Thursday, in the Health and Long-Term Care Committee, we held a hearing on my Medicine Stewardship bill, SB 5234. This legislation will require the pharmaceutical manufacturers, who profit handsomely from Washington's $4 billion annual prescription and over-the-counter drug purchases, to design and fund a process to take the unused medications back and dispose of them in a safe and environmentally sound manner. Washingtonians would be able to drop off their unused medications at their local pharmacies.
Environmentalists, police officers, and public health officials support the Medicine Stewardship program. The idea for the legislation was originally suggested to me a few years ago by environmentalists, who noted that unused medications are often thrown into the garbage and end up in landfills or else are flushed down toilets and into municipal wastewater treatment plants, then into rivers or Puget Sound.
After I started working on this legislation, it quickly became apparent that public health officials, police officers, and people working against drug abuse in our communities were extremely supportive. They know that unused medications accumulate over years in people’s medicine cabinets. All too often, they find their way into the high-school drug-trade or are accidently ingested by children in the house. Officers and public health officials told me story after story about kids getting high or overdosing on their parent’s prescription medication, or selling and trading them at school. Adults also misuse and sell prescription medications, and they have become a large part of our state’s criminal drug trade.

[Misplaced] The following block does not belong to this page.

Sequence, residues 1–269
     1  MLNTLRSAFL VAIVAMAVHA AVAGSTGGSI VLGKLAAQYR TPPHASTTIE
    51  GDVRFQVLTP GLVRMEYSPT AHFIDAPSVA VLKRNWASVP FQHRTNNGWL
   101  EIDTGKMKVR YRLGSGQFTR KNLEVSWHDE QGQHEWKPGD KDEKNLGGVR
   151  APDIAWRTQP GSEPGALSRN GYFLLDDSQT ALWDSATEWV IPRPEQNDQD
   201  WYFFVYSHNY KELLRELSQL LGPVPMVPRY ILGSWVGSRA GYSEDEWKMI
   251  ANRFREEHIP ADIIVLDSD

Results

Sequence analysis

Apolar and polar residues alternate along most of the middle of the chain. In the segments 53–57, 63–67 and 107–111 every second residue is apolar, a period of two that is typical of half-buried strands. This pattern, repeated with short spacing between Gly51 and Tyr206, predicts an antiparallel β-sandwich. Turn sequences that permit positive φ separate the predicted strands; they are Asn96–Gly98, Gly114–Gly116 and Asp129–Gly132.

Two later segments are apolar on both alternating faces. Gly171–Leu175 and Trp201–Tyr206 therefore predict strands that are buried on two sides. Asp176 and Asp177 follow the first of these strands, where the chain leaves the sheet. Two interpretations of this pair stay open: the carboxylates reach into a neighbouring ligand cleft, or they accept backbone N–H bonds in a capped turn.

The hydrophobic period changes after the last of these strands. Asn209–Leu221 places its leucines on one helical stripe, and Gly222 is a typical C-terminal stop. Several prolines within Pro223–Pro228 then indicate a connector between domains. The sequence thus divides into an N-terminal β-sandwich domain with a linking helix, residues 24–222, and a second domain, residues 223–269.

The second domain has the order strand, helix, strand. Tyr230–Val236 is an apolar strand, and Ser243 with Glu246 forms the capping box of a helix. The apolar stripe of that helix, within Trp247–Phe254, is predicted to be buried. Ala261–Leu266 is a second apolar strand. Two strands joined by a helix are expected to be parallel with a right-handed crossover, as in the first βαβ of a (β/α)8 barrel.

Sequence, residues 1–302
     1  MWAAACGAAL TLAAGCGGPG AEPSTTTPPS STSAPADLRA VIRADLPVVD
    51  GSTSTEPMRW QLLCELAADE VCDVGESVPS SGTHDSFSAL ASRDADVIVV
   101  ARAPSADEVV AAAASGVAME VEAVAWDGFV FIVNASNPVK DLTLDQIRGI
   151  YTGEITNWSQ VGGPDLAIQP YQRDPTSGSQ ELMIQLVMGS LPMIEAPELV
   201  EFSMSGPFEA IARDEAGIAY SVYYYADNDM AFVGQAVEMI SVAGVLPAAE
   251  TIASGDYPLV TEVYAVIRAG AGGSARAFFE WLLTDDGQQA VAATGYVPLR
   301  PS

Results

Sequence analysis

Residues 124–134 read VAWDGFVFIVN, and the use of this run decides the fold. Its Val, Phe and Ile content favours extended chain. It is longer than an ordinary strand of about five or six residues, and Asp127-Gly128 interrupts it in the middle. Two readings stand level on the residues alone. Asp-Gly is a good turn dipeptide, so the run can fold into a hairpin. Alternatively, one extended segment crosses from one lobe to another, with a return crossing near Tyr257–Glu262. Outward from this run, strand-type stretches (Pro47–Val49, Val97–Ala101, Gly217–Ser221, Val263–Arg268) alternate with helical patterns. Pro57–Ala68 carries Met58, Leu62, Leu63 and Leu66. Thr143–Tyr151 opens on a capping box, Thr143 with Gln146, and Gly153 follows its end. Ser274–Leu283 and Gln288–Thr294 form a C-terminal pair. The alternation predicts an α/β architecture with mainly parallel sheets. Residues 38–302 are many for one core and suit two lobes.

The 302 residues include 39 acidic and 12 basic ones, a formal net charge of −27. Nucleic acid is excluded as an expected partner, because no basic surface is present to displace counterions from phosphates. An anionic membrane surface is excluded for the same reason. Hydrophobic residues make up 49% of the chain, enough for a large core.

At the hearings for this legislation Thursday and last year, the most compelling testimony came from parents and grandparents of children who died from overdoses on prescription medication. In our state, drug overdose is the most common cause of accidental death, superseding car accidents and causing an average of two deaths per day. Prescription medications are the cause of the majority of these overdoses.
The Pharmaceutical Research and Manufacturers Association (Pharma) is very displeased about this bill. They are interested in selling drugs, not taking them back, and have marshaled their considerable resources to lobby against it. Pharma doesn’t like the notion that those who put a product into the marketplace and profit from it owe the public some obligation of stewardship over it. A few years back, we took the electronics manufacturers down this path; the presence of mercury in many of their products required that they oversee responsible disposal of dead computers. We were aided by conscientious users and buyers of computer electronics, who pressured the industry until its leaders—a politically savvy bunch—finally heard their customers.
Big Pharma isn’t quite there yet. The legislation puts an annual $2.5 million cap on the cost of the program, but based on the experience of a similar program in Vancouver, B.C., we estimate that the annual costs will be closer to $250,000. Currently, a few Washington counties have medicine take-back programs that are coordinated by and paid for by law enforcement. The programs are successful, in that they’re making sure that a lot of unused medication gets out of circulation. The Thurston County Sheriff who testified yesterday in support of my bill said that even though they haven’t done a lot of advertising, their program (with just 5 drop-off sites) has gathered over 2,100 pounds of medication over the past few months. It’s a great program; I just don’t think that our financially-strapped law enforcement agencies should have to cover the costs of gathering up products made by a highly profitable industry.
After three years of determined work, I think our team is finally in a position to win one against Big Pharma.